We made the Pussyhats.
We marched...on every continent.
It was affirming and inspiring.
Many of us had never marched before (or for me, for many years).
The Women's March was the START.
Here's some suggestions (all of which I'm making to myself as well as you):
1. Make a plan.
Start with Jenny Zhang's guide to activism for frustrated Canadians, it's filled with good ideas on how to get started. Give yourself some goals (like an activist FitBit): write a letter a week, call one of your representatives every month, attend a local meeting to learn about a cause that energizes you, organize your friends to join you. It's easy to go Hell Ya! We Marched! and then go back to regular life. Now's the time to create a new habit of being involved.
2. Do something concrete.
Retweeting or posting stuff to Facebook is good to spread the word, and yes, politicians pay attention to social media, but it's NOTHING compared to writing a real letter, phoning your MPP or attending a meeting. It's free to mail your MPP and the printed word in an envelope is considered much more important than a Tweet. Show those in power you mean business.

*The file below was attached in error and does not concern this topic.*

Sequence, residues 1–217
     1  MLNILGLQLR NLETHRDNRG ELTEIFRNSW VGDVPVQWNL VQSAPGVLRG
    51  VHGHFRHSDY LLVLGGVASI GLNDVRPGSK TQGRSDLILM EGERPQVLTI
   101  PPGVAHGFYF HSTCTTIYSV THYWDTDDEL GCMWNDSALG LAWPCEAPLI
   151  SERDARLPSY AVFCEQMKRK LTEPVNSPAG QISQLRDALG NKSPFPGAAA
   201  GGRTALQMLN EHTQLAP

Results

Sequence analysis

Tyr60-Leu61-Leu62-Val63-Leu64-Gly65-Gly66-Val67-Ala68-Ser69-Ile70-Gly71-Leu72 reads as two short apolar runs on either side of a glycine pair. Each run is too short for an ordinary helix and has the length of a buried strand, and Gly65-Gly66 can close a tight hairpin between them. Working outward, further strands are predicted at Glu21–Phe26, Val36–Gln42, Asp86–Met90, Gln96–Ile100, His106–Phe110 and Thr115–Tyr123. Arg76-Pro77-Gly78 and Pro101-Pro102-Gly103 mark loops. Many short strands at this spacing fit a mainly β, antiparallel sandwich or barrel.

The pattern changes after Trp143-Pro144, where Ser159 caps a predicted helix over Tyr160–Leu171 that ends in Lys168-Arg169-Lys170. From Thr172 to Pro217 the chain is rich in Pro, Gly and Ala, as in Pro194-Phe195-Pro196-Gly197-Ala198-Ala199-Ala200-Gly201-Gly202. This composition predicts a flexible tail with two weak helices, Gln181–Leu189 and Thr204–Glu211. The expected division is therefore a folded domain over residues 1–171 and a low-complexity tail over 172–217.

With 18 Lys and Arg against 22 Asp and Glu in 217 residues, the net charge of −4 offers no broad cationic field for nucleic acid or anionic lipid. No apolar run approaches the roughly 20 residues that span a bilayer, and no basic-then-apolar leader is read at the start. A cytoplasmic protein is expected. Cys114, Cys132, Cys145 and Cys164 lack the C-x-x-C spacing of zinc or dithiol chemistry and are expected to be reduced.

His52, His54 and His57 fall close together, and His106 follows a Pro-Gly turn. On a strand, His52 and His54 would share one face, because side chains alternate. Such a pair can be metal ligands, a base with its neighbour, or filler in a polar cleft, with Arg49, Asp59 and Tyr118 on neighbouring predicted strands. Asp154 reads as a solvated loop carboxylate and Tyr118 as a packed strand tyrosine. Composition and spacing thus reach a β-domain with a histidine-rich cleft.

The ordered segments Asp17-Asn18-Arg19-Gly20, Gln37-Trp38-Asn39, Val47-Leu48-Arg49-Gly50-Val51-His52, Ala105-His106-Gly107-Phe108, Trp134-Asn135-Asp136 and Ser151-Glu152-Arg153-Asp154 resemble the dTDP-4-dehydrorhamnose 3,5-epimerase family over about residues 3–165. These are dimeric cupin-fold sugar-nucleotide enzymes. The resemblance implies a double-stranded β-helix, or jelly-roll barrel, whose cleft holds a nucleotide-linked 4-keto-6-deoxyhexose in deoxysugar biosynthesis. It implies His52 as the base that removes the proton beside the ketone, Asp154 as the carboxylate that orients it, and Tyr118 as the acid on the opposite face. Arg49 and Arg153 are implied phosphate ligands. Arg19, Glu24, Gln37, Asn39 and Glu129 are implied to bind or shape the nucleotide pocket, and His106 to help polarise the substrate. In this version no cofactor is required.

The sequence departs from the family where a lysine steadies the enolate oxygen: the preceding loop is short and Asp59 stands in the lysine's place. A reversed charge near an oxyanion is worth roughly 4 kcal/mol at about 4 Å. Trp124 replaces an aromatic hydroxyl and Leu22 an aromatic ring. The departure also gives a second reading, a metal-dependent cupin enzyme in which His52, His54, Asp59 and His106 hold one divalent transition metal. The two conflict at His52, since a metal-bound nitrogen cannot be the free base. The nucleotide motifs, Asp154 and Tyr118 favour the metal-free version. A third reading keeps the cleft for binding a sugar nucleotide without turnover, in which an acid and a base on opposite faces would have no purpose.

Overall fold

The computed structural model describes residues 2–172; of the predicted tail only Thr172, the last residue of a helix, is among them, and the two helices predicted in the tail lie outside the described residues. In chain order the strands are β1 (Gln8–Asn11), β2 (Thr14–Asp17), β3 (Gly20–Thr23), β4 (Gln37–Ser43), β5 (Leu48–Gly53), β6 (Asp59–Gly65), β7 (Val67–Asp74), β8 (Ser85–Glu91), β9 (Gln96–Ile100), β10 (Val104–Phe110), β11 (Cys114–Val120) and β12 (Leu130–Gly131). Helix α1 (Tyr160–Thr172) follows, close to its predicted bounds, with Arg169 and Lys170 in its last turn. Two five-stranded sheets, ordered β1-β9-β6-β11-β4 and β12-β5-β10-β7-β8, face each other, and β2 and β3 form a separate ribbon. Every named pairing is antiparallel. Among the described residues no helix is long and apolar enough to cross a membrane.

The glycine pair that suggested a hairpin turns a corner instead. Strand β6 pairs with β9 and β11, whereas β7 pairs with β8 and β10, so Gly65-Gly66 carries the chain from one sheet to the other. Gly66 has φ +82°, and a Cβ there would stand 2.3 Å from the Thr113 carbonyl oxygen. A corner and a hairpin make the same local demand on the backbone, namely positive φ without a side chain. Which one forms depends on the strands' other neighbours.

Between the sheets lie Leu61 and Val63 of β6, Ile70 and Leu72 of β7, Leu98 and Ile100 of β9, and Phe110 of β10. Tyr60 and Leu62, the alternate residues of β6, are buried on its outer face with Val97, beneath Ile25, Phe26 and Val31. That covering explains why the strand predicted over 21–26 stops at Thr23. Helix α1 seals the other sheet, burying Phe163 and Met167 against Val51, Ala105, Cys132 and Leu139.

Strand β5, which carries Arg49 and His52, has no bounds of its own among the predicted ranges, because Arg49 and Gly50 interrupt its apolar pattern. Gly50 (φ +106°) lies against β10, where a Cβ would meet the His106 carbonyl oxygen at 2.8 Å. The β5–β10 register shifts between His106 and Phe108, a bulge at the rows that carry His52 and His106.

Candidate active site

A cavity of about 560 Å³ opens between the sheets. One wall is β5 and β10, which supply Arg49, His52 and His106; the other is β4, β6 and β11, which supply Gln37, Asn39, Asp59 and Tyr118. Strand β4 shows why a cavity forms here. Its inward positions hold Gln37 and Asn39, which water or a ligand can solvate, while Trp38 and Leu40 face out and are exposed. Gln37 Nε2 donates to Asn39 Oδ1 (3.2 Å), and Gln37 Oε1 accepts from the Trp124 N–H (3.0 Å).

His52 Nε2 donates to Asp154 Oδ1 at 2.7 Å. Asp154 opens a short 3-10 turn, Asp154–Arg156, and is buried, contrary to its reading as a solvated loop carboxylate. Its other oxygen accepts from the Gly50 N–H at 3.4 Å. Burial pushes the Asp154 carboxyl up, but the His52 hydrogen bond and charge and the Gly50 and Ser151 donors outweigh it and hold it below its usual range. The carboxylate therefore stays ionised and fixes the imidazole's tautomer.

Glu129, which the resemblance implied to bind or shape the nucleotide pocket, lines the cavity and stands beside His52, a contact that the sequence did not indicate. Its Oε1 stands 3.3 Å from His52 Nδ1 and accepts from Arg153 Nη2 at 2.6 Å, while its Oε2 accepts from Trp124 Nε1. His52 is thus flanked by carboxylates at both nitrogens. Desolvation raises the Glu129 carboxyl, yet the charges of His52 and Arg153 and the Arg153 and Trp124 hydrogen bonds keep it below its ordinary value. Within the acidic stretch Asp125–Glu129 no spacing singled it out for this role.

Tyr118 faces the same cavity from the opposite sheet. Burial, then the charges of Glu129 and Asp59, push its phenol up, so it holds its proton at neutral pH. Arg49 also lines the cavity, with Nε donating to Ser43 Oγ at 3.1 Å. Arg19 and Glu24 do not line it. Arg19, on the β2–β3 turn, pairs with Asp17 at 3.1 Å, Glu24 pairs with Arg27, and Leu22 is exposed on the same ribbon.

3. Do what you can, and try to do a bit more.
Contacting your elected officials or donating money to an important cause might be what fits your current life/circumstances/comfort level. Great, keep doing that. But, also consider making new connections to organizations, or attending a public consultation. Stretching yourself will benefit the causes you care about and expand your sphere of activism.
4. If you're a straight, white woman of privilege, do better.
Frankly, I'm doing pretty fucking great on the societal hierarchy. Yes, I experience patriarchy and sexism, but I need to use my privilege to ensure other women have a voice and that their needs take priority. When I'm writing those letters or attending meetings or calling my representatives, I'm telling them that women who are poor, racialized, disabled, Indigenous, and/or LGBTQ disproportionately bear the burdens of our current structures and they need to listened to. I'm not always going to get it right (privilege is pernicious that way) but I'm learning. I'm also donating to causes that benefit marginalized women in Canada and internationally.
5. Keep knitting.
Seriously, self care is important. If you want your knitting to do more than keep you calm, consider knitting things for women in shelters or newly arrived refugees. Knitting for yourself is cool too: This is Canada; we need to keep warm when we take to the streets.